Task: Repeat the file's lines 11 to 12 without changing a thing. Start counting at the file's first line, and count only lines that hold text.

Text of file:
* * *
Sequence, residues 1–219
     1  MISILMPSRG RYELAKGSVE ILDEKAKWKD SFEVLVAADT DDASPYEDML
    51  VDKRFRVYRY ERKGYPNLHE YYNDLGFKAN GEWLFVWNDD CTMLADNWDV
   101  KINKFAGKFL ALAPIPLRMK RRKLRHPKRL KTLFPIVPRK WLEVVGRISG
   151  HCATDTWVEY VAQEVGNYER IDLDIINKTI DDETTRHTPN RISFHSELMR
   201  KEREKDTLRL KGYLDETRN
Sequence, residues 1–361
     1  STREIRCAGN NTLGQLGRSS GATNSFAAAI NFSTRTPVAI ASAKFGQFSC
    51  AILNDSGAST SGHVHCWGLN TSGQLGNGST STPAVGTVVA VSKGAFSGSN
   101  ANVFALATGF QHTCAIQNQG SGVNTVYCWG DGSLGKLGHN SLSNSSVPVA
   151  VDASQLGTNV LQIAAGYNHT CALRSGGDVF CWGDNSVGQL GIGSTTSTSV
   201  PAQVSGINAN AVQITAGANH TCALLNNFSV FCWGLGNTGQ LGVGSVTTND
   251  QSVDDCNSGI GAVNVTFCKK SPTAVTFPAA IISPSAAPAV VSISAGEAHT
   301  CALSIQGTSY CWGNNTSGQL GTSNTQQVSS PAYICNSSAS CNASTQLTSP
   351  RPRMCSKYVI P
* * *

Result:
   151  VDASQLGTNV LQIAAGYNHT CALRSGGDVF CWGDNSVGQL GIGSTTSTSV
   201  PAQVSGINAN AVQITAGANH TCALLNNFSV FCWGLGNTGQ LGVGSVTTND